MOUTH FULL OF VENOM - JAMIE GREFE
It was becoming hard to focus. The bedroom, a strobe of monochrome and neon. Soupy blood gushed from the fresh gash in my fat gut. I used my left hand to shovel stomach bits back in while Technicolor crimson swirled across my upturned right palm, dripped in stringy strands to the floor. Things were slipping from my grip just like the unhappy marriage and the torrid affair. Phlegm formed in my throat, sat in my mouth. I fondled the lampshade for support.
Salino stood by the bedroom door, eyes locked in a dead stare, mouth wide: a grin of marital vengeance. Bastard had stabbed me. The hunting knife in his hand was wet, gold front tooth sparkled in the street lamp glow from outside the open window like a cheap jewel. Salino: smirking murderer, handsome devil-dog, and better half of Lexa, the fairy that squawked, mistress sublime. I spat that gob of phlegm on the floor, tried to count the watery monochrome chunks.
He tugged at starched sleeves, straightened his jacket in quick twitches, ran a slender hand down the length of his necktie. He strode big steps to stand closer, steps that carried with them an invisible velocity, nudging me back to the bed where I slumped drooling. My head swayed in a slow bounce. Oozing waves of blood made everything prickly with perceptual fuzz. The bed felt springy and warm, my head woozy and flat. Salino approached spinning the knife around, twirled it in his tattooed fist like a bad kung-fu pantomime. The word, “Love” engraved on his fingers wavered up and down, each letter undulating in an ebb of the violence incomplete. Almost.
Open your mouth, he said to me.
You gonna kiss me? I said.
His other hand, the one with “Lexa” inked into it, gripped my chin, tilted my head up to meet his gaze. Cheeks squished, my mouth puckered open in a crusty oval. Bruised eyes looked up, all the way up to the tip-top of his bald head where a skull-sized cobra, tongue flickering fire, had been tattooed in blue ink. The hunting knife eased gently across my cheek. I held gut blood in, kept my insides from spilling out. The cobra’s eyes stared.
I’m gonna cut you up, Salino said, touching the rim of my lips with the tip of the knife. But first, and he paused to reflect before whispering, I’m gonna cut out your teeth, one by fucking one. Just carve ’em out of your gums like a pumpkin. He paused again. I’m gonna wear those teeth around my motherfucking neck just so I can remember this moment forever. Quite sentimental, Salino, I thought. Quite sentimental.
I choked out a cough from the rank fog of his husbandly bad breath. Salino, the serpentine husband, shouldn't have stood so close to a man with nothing to lose. There were things I was still capable of in this, my last stand. I summoned another gob of phlegm to the roof of my mouth and shot it into his face, watched it stick to his lips, drip from his grizzled chin.
Give that one to Lexa, I said. She’ll know who it’s from.
His fist lashed out and rammed my nose back into my head with a whop. I felt a road extending within me as my nose crumpled inward. He ran the knife down the front of my face and touched the blade to the gap between two front teeth. It was perfect timing to catch the snake by the neck and bite its head off.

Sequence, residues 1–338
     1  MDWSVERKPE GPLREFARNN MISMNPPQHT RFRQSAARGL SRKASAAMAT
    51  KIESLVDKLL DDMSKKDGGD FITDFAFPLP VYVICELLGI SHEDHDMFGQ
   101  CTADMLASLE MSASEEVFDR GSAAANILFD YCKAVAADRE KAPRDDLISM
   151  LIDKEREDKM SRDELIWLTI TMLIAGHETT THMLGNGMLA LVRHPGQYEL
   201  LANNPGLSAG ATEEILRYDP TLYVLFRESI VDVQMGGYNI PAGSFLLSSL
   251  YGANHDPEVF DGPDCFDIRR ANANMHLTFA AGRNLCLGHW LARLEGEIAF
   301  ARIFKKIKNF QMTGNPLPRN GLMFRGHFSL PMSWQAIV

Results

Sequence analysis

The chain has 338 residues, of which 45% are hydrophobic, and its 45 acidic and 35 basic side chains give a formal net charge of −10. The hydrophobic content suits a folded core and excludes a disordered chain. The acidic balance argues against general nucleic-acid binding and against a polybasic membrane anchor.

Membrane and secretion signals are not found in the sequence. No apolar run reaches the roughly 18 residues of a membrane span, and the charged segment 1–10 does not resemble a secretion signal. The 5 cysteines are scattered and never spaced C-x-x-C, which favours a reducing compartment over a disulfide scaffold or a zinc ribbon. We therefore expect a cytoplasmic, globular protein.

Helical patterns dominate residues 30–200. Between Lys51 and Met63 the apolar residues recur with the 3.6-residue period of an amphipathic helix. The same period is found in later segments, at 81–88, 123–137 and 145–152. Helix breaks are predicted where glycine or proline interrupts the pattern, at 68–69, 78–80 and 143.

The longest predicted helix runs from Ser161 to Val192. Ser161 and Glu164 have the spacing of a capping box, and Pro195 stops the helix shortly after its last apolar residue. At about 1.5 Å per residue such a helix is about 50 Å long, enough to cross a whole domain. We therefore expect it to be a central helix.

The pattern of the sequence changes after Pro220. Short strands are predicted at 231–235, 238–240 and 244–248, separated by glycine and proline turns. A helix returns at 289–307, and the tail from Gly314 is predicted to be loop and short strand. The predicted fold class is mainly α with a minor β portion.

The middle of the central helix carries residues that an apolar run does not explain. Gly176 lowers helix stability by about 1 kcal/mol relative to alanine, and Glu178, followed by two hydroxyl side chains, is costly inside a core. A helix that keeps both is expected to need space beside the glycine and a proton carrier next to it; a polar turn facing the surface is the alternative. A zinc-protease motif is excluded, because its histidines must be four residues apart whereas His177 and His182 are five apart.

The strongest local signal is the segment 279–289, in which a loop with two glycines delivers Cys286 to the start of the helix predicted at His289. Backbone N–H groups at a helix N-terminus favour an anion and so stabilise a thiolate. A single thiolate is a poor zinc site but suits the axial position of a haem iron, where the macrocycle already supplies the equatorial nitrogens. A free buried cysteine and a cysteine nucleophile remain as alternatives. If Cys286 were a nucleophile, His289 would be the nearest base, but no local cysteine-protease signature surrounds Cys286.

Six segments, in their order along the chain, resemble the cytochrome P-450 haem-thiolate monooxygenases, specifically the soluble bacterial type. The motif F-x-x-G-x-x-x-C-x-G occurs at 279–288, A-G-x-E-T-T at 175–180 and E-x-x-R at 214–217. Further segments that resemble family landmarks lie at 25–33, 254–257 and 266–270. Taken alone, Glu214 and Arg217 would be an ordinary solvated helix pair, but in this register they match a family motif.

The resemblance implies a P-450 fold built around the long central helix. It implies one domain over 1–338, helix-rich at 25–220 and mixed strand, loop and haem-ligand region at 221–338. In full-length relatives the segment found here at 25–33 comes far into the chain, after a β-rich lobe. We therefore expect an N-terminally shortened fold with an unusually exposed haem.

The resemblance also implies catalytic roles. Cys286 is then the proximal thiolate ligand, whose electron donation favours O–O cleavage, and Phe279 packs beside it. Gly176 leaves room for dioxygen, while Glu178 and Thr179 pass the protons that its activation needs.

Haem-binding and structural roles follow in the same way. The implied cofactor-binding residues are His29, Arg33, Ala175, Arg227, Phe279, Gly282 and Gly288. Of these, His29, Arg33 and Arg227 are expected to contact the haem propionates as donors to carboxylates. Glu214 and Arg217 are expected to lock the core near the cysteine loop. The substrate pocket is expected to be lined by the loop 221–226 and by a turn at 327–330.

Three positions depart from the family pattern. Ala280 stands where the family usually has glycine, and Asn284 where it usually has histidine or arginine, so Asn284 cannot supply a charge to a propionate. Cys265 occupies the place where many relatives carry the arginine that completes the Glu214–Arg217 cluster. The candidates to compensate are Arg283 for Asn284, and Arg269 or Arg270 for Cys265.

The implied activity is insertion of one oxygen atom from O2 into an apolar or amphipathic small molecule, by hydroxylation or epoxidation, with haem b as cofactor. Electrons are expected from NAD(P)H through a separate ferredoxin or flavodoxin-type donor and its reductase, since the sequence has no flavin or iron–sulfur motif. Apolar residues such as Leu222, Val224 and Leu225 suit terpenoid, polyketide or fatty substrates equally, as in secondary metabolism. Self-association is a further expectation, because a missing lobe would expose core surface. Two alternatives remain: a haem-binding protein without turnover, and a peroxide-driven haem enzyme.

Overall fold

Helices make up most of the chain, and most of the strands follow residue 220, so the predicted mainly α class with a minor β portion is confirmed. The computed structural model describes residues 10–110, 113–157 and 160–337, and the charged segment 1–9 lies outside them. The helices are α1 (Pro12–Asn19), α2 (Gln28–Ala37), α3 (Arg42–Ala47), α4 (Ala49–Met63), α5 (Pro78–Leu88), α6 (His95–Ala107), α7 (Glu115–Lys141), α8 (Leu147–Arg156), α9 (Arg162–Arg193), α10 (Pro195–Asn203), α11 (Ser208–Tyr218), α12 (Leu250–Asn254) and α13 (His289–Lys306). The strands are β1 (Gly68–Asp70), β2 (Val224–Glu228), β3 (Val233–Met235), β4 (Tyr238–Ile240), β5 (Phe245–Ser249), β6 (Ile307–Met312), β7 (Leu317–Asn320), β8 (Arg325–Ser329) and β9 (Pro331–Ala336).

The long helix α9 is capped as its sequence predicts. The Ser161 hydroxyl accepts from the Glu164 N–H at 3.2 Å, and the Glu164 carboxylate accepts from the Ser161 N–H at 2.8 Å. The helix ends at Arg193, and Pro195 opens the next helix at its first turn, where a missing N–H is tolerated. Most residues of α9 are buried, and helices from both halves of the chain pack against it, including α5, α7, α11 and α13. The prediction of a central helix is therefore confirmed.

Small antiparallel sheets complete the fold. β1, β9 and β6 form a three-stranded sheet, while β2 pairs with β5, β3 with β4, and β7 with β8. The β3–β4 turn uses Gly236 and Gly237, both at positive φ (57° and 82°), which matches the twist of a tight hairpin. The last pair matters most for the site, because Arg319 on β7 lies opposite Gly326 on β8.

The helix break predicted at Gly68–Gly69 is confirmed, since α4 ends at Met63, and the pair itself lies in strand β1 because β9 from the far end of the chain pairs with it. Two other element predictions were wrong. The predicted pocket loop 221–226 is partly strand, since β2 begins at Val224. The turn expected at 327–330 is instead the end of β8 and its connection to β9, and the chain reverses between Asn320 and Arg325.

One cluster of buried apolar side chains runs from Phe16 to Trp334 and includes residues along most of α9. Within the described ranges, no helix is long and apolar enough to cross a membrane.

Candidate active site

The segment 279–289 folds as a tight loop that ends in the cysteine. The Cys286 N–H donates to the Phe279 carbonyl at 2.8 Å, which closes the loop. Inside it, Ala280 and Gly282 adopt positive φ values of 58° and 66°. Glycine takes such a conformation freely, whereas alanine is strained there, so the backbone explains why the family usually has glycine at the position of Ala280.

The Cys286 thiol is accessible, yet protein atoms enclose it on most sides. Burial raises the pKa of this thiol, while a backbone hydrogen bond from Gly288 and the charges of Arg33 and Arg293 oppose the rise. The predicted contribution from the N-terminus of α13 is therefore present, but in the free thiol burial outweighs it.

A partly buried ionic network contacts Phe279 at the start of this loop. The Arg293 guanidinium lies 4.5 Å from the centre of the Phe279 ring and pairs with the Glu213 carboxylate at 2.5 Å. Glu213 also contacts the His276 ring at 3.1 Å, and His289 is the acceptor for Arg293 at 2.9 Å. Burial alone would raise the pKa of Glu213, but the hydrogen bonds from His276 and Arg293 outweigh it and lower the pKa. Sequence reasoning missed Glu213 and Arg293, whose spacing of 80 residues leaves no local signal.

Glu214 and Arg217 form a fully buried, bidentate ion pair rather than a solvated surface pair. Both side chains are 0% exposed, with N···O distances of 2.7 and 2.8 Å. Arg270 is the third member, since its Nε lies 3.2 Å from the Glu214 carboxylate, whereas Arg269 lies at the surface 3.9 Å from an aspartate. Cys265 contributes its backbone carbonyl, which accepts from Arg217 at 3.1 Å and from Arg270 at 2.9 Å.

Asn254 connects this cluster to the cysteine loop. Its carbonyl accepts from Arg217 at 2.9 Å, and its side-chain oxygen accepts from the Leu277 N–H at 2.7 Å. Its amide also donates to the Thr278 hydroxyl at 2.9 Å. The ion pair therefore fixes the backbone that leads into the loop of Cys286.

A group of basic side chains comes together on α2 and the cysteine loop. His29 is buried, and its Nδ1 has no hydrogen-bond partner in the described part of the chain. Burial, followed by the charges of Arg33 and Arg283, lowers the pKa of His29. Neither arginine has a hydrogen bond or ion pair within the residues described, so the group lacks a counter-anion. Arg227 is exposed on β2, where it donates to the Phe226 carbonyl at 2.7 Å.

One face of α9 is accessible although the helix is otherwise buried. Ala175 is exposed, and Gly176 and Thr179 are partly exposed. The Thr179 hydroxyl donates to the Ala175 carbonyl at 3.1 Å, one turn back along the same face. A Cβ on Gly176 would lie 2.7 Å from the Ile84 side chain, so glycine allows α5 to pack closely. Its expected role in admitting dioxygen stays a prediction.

I raised blood-soaked hands from exposed guts, grabbed hold of both of his sleeved wrists, twisted his arms back toward his face, and rammed that hunting knife right up through the cobra’s head. It was quick. The blade ripped into the skin under Salino’s chin, tore past the mouth and face, up to the peak of his domed head until Salino, her cobra husband, spit out a final diminishing hiss and nearly splintered in two. The blood splattered everywhere in a shower of red venom. I rose in explosions of pain along with the gripped knife, savoring its majesty as if it were divinity itself. I wanted to relish the moment. My stomach applauded in gusts of neon pain. Salino’s head wobbled, two clumsy eyeballs trying to focus, seeing the unseen, perhaps the monochrome, while simultaneously lolling in disbelief, probably at the fact that the head that had joined those eyes together for the entirety of their existence was literally, and oh-so-gracefully, coming undone. His head split apart just like my marriage, just like an orange.
Lexa, do you know what we could have had? I said to the dead Salino.
She was probably outside waiting for him in the Buick. I watched his body, melt and wither with droppings of slobbery goop spurting about the bed, spattering me crimson as he tumbled to the bedroom floor. Perhaps some of the cobra’s guts could be mixed with mine, I thought in a rare moment both lucid and deranged. There’s treasure in those guts. We could mingle. I huffed toward the window, considered carving out Salino’s gold tooth or scraping off the skin of his tattooed fingers. I wanted to demonstrate how evil my love could be. I wanted Lexa. I wanted to be him, the husband. Salino’s Buick was parked under the street lamp. She would be in there.
When I hobbled out the front door, I saw Lexa’s concerned face, little lonely sheep eyes, staring out from the passenger seat. I swung open the driver’s side door and threw myself behind the wheel. This is what it feels like to be a real husband, I thought, looking over at her with a blood-drenched gold-toothed grin.
My sticky hands covered her mouth to stifle that hideous shriek. Fragments of skin and letters dangled from my knuckles. A sliced chunk of Salino’s serrated facial skin hung limp, stretched over my real face. The mixture of phlegm, sweat, and blood wasn’t quite doing the trick, holding his face to my own. It was sagging. I could feel the ink of the serpent’s spit seep into my skull, drip down into the abyss of my aching guts. That bastard ink was the elixir of love. Crawl, baby.
It’s just you and me, Lexa, I said, leaning in for a wet kiss, mouth full of venom.
From Lynda Scheer
10 hours ago